On the third day, I knew I had to get lower, at least below snow line. My body felt like it was deteriorating, unable to eat and probably affected by the altitude too. Every time I stood up I had a head rush that forced me to sit before my body forcibly met the earth. I’d been sick a lot but this felt more serious. I knew I had to get out of there. I packed strategically as possible with snow falling, and continued to collapse a few times getting my bike and bags up to the road in the slippery, snowy, steep slopes. I dramatically thought “not today, Death” as I watched the ground come closer to my face without me planning that. With mud along one side of my body and face, I put my bags on which seemed insurmountable. Snow still falls heavily. I was sweating but my feet were completely numb to my ankles. Mud, blood, snow, and sweat pooled and my bags finally cooperated on went on. I didn’t really have a plan. Camp at the intersection? I studied the map better noticed a small town 2 miles off route. Why hadn’t I thought of that before?? I Hobbled into the tiny hamlet and there were beds in an upstairs room of a closed ramshackle restaurant. It was cold and drafty but I didn’t care about anything. I crawled in with all my clothes on, spandex included.
A woman named Kelly brought me soup with yellowed broccoli and off-tasting chicken. I was grateful that someone would bring me anything, but I stuck to the broth. She tried to help me find a ride up the next pass because I knew it would be a while before I would have the strength and it was crazy steep. No one had a car in town so I negotiated with a local and Two motorcycles were supposed to show up at 6am the next day. In typical Peruvian style they weren’t there by 7 so I headed out. I knew it would be painful but it was a sunny bluebird day and I had to take advantage of the good weather while it lasted.
Hours of catching my breath and hiking my bike and mildly enjoying the scenery led me 3.5 miles up the pass. I was delusional enough to be proud of myself, even though I knew my body was barely functioning. I kept thinking I heard a vehicle but it was just the river rocks rumbling. Disheartening. Then I did see a vehicle and for half a second I thought “well this section doesn’t look too bad, maybe I can ride to the top.” What was hidden was the 20% grade loose gravel switchbacks. I do want to ride every inch from Bogotá to Tierra del Fuego. Call it stubborn, but that’s my dream. The car approached and I regained reasonable thought and asked for a ride. They were a lovely family, a dad brother and sister, tourists from Lima. The next few switchbacks challenged the cars’ ability to make it up the steep gravel and I knew I had made the right decision. They carried me 2 miles and let me off at the top. Alone that stretch would have literally taken hours. On the way down there were a few small inclines that had my thighs feeling like they had never ridden a bike. Which I’m pretty sure is untrue. I even took a nap at 10:30am.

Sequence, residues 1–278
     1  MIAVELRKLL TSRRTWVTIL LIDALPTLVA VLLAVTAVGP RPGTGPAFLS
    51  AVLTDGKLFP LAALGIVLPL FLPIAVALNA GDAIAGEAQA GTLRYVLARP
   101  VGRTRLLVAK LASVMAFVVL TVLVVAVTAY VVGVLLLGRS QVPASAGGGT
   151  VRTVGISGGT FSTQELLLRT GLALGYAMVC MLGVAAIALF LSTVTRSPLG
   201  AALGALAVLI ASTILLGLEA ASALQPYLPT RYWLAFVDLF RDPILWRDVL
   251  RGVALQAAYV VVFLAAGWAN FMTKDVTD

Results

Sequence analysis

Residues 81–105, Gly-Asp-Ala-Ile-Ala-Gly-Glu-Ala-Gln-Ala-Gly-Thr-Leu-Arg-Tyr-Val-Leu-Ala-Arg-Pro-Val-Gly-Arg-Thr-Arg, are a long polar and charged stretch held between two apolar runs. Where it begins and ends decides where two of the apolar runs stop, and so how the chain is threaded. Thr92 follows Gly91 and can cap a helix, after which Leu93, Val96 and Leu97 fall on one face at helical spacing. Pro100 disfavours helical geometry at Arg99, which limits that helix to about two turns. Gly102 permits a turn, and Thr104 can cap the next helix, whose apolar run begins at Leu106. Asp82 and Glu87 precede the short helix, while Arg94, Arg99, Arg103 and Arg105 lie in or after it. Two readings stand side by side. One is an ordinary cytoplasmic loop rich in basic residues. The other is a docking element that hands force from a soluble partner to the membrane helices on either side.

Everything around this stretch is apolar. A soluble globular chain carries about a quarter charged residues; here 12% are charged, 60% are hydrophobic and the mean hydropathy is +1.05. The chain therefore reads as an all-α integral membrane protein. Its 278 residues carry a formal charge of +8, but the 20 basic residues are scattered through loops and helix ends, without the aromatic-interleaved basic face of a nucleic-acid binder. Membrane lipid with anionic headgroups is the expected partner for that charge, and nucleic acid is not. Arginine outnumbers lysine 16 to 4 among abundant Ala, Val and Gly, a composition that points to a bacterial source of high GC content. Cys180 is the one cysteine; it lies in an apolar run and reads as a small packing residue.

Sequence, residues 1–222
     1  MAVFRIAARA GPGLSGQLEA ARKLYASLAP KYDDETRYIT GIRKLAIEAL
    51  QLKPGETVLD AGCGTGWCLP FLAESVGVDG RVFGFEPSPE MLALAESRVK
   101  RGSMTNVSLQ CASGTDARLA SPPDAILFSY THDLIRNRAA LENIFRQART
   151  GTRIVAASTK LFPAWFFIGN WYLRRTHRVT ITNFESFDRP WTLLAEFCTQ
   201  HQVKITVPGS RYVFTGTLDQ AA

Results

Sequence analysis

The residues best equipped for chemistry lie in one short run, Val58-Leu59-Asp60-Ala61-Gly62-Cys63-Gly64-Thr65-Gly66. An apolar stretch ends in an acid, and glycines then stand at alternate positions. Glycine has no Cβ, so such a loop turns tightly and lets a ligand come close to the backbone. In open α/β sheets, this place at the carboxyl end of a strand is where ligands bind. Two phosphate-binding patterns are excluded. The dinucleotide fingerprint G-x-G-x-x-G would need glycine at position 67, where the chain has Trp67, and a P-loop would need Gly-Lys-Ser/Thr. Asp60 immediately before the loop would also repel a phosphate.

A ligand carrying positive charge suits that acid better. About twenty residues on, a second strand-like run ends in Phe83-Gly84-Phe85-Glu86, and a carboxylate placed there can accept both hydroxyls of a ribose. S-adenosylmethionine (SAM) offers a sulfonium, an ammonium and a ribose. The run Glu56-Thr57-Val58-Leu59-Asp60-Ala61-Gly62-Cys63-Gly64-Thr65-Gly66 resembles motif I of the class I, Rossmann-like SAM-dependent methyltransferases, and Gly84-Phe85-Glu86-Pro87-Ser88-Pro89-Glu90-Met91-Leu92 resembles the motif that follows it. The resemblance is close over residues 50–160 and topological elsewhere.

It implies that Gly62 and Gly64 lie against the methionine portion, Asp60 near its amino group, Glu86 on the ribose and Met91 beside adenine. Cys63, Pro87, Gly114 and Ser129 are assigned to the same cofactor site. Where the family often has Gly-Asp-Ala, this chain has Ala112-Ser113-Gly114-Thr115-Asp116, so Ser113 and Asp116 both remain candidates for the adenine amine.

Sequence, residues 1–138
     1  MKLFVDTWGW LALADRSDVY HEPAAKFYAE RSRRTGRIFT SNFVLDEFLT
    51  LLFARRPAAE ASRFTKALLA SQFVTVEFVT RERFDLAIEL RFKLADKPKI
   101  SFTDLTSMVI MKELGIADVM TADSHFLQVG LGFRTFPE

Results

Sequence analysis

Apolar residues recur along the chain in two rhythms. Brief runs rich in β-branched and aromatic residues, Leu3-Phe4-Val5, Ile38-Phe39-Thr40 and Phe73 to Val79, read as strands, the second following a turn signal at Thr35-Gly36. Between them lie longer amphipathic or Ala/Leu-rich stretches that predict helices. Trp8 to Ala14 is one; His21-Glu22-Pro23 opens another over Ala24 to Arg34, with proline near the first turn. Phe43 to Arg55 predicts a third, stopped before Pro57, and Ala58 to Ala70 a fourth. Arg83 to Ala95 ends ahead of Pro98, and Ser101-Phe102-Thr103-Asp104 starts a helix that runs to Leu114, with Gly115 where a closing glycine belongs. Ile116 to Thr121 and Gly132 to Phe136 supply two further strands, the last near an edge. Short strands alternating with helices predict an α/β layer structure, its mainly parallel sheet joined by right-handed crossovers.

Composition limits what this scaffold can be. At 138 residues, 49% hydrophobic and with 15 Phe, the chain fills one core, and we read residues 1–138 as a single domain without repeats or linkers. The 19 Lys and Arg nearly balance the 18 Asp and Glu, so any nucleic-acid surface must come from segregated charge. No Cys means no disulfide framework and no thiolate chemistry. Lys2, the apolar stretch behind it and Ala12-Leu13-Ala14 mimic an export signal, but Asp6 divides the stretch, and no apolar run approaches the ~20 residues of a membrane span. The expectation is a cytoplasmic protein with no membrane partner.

Obviously I wasn’t back to normal but flag half-mast is better than no flag. Plus it was gorgeous and sunny. When I got to Tanta I could barely walk or think and couldn’t decide to camp or get a room. I remembered I had barely eaten in … 3? 4? Days, wait what day is it anyway? and maybe my brain was fuddled. Who am I? Where am I? The mountains. Peru? Sit down. It smells like dog poo. Sit somewhere else. What should I do? Lay down. Eat? Maybe. Am I hungry? Not sure. Sleep? Yes. There is a hospedaje. Should I stay there? Do I smell bad? should I shower? Maybe I will stay there.
As I walked my bike through the side entrance I lost my balance, unable to recover in my lightheaded state, and destroyed part of the small rock wall for the flower bed. I was so embarrassed but also felt like I existed down a long tunnel away from everyone else. I sat there, flattening the plants, unable to get up. I muttered sorry and clumsily tried to stack the rocks again. I think the matriarch thought I was drunk because she gave me a mean stare that she didn’t let up all day throughout my buenos días/tardes/noches and smiles. Whatever. I was tired of telling people I was sick.